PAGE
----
Since then, I have made my own starter a number of times, in a few different ways, with much success. The one I'm maintaining right now came from Azure Standard, and it's just beautiful. I've made bread, rolls, pancakes, crepes, crackers, muffins, cinnamon rolls, pizza crusts, pot pies, and even chocolate cake. It's marvelous to work with, and a little practice pays off quickly. We love the taste and our bodies love to digest it.
Today I thought I'd show you my feeding routine. Meet The Mama.
Isn't she lovely?
The keys to caring for your starter are food and warmth. If you feed once or twice a day, you can keep her out on the counter. If you'd prefer to feed her less frequently, keep her in the fridge (where things happen more slowly). Just remember that the longer you go without feeding her, the longer it will take to renew her vigor. I never use my Mama starter for recipes. More on that in a second.
(Incidentally, I have a wonderful book on natural yeast wherein the author states that she always gives her starters male names. That did not resonate with me. She must be female because she is full of life.)
I keep a pretty pitcher of water on my counter at all times. You must feed your starter with pure water, and though I'm fairly sure my fridge filter gets rid of the chlorine, I know chlorine evaporates, so I leave it out. Just to be sure.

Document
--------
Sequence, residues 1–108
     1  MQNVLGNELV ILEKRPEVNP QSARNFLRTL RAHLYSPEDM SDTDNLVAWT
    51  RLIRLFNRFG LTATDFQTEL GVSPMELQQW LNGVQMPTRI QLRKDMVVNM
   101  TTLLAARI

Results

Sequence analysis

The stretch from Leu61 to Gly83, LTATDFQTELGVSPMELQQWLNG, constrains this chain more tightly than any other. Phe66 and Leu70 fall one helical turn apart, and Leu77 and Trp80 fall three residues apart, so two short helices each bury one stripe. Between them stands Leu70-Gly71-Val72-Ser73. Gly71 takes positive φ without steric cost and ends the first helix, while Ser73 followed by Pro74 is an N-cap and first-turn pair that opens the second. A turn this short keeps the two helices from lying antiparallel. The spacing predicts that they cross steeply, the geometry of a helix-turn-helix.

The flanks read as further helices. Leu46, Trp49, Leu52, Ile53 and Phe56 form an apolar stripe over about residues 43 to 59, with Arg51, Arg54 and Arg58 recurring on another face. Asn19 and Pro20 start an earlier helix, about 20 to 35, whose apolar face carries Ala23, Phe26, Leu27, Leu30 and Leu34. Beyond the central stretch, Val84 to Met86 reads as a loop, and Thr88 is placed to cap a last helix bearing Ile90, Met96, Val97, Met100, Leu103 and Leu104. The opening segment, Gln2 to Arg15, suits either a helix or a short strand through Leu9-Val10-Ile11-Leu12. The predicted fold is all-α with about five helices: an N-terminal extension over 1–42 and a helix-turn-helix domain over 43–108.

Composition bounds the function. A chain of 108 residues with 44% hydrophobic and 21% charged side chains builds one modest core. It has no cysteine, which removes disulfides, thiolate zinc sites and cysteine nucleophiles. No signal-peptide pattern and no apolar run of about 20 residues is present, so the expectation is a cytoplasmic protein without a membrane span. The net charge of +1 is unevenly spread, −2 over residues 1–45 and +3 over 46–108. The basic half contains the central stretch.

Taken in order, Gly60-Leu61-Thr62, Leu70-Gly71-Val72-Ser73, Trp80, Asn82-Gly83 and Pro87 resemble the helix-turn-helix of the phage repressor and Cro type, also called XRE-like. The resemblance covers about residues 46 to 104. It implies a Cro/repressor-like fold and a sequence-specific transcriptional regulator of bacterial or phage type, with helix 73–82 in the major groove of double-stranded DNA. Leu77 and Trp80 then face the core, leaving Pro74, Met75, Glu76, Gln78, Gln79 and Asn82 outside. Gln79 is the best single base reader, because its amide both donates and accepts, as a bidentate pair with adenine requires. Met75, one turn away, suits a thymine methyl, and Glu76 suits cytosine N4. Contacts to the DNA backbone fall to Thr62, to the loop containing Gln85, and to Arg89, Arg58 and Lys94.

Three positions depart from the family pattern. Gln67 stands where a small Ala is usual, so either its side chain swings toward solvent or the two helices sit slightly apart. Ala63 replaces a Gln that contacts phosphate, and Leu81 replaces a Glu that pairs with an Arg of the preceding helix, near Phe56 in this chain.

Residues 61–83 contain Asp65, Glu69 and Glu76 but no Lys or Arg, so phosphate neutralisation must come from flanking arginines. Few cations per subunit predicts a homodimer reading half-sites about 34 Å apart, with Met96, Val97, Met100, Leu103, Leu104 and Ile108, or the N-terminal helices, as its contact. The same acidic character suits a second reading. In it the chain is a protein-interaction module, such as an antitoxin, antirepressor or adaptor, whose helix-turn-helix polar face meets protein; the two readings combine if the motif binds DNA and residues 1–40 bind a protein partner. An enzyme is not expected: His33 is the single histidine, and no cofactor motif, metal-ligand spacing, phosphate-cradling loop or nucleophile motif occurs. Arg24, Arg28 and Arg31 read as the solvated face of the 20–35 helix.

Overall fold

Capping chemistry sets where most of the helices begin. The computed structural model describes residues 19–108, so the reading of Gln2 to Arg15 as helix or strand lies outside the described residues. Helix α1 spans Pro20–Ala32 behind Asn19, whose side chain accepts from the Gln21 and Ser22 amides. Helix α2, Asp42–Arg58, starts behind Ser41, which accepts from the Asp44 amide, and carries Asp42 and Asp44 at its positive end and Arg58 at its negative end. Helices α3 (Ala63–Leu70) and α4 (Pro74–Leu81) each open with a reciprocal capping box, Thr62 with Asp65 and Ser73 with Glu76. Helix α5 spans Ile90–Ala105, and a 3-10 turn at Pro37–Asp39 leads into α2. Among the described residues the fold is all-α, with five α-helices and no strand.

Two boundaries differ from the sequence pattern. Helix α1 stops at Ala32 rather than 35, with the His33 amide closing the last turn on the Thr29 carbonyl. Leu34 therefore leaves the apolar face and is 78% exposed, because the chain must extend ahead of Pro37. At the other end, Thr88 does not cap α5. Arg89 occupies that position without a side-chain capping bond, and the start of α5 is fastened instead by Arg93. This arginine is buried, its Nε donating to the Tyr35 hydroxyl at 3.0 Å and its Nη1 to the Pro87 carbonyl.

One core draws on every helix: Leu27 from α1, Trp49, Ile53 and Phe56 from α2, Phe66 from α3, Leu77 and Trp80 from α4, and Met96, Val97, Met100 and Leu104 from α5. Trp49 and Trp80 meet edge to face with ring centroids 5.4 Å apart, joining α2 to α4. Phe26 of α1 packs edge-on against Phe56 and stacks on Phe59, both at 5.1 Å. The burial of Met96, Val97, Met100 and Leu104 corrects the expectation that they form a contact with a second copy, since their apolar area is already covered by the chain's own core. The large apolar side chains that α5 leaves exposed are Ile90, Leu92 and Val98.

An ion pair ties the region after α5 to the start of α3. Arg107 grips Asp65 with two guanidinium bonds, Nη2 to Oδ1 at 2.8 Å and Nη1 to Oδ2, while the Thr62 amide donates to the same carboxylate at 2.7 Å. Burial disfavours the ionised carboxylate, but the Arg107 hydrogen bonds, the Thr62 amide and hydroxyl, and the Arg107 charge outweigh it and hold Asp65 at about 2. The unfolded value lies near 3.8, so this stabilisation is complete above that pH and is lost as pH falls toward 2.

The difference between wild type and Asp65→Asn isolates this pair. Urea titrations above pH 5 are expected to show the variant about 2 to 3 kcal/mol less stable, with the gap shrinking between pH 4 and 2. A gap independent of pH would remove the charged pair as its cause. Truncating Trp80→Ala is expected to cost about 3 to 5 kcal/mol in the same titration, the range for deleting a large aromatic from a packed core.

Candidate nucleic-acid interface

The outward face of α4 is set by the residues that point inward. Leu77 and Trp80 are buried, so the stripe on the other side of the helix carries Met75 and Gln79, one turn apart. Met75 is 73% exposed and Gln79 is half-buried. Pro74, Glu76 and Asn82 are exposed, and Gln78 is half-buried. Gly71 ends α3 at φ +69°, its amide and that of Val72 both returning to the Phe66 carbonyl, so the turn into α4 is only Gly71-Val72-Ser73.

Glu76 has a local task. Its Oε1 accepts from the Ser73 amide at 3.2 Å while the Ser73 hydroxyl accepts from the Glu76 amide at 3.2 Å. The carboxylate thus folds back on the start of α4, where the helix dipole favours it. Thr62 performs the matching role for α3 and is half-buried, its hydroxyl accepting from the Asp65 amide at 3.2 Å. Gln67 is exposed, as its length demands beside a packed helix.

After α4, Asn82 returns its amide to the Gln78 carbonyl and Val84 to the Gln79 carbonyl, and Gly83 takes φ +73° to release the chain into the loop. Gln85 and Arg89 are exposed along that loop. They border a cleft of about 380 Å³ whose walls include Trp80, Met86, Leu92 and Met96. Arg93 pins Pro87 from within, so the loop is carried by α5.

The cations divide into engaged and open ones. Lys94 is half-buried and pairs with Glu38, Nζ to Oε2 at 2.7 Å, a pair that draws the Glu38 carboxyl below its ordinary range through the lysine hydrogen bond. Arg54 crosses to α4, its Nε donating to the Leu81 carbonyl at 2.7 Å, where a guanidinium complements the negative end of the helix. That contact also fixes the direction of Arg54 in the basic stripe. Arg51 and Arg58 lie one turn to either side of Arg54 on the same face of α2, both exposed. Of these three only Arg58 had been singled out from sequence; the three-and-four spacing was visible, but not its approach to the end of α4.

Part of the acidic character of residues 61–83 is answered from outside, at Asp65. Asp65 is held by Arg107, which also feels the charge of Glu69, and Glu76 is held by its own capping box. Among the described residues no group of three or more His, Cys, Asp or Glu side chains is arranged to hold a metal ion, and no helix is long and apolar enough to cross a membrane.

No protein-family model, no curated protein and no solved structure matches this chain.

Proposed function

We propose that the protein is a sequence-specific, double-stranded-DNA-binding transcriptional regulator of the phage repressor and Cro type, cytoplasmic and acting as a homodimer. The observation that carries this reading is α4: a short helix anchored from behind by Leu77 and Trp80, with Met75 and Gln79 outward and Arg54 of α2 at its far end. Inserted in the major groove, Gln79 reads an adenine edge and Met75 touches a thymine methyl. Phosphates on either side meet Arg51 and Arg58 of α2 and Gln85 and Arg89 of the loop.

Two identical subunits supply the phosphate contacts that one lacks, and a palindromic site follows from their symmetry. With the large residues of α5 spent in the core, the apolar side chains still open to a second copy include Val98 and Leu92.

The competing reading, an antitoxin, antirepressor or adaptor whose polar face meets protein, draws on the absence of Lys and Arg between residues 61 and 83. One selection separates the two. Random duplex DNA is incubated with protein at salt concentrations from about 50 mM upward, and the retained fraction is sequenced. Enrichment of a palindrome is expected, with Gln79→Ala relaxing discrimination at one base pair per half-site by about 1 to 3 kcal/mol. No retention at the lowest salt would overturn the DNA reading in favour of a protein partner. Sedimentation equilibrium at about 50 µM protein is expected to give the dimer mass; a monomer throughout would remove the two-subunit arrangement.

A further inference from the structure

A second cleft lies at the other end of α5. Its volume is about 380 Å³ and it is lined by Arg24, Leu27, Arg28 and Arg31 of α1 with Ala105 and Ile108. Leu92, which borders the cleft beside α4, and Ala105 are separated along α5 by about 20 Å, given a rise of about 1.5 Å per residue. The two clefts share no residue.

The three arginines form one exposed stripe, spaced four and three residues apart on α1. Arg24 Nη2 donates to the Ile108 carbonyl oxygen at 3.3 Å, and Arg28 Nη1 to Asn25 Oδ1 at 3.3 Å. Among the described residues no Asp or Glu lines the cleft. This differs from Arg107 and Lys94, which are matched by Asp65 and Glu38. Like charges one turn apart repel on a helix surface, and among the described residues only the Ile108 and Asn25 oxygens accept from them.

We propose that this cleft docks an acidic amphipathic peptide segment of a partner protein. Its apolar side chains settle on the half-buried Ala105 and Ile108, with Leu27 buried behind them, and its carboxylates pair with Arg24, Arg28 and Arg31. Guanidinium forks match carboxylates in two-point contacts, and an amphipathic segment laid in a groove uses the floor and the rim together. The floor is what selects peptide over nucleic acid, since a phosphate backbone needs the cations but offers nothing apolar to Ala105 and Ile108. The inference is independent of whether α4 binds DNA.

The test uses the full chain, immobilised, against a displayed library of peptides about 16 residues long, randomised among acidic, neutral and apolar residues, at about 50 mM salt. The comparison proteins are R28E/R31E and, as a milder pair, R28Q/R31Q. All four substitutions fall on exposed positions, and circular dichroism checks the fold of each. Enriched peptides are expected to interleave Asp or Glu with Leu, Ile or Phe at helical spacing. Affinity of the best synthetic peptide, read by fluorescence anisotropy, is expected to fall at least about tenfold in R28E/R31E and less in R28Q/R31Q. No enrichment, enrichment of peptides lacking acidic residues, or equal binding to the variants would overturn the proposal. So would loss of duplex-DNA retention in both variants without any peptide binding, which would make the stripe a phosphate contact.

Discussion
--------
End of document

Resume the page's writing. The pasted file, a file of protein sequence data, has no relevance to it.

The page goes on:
I also always have a jar of freshly-ground flour on my counter. I generally grind my grain right when I need it, leaving any extra in a jar for sourdough feeding. It's always quite fresh. The fresher the better.
So here's what I do. It all takes 3 minutes or less.
I take roughly half of what's in the Mama starter, and discard it into a quart jar. I only use the starter from the quart jar for recipes so I never make the mistake of accidentally using all my starter. If you simply want to strengthen your original starter, you can always compost the discard.
I make sure I have 1/4 cup and 1/3 cup measuring cups on hand (the 1/4 for water, the 1/3 for flour).
Then, add a 1/3 cup of the (preferably) freshly-ground flour, and stir vigorously. Again, I double the amount in the quart jar.
Scrape the sides, making sure the rim of the jar is clean, cover with cheesecloth or a paper towel, and you're done! I thought that pint jar was looking a little crusty, so I changed to a new one after the feeding. I don't always.
Here's what they look like thirty minutes after feeding. See the life? They will eventually about double in size as the wild yeasts have their feast.
You can start making recipes right away. Many bread recipes only use 1/2 cup of starter! Once you have two cups in that quart jar, you absolutely must make this cast iron pancake recipe: Erin's Oh-So-Fluffy Sourdough Pancakes. I one and a half the recipe for my family of four big eaters and one little eater. There's no added flour, so you can make it right away with no additional souring time.
Here's my now 3-year-old blowing out his birthday candles on his own little pancake just yesterday (after he'd nibbled at the side a bit). His breakfast request.
There are hosts of other sourdough recipes online. If you want a great collection, the Gnowfglins Sourdough A to Z ebook is my current favorite, though the other I mentioned earlier (The Art of Baking with Natural Yeast) is good as well, with lots of information and lovely pictures.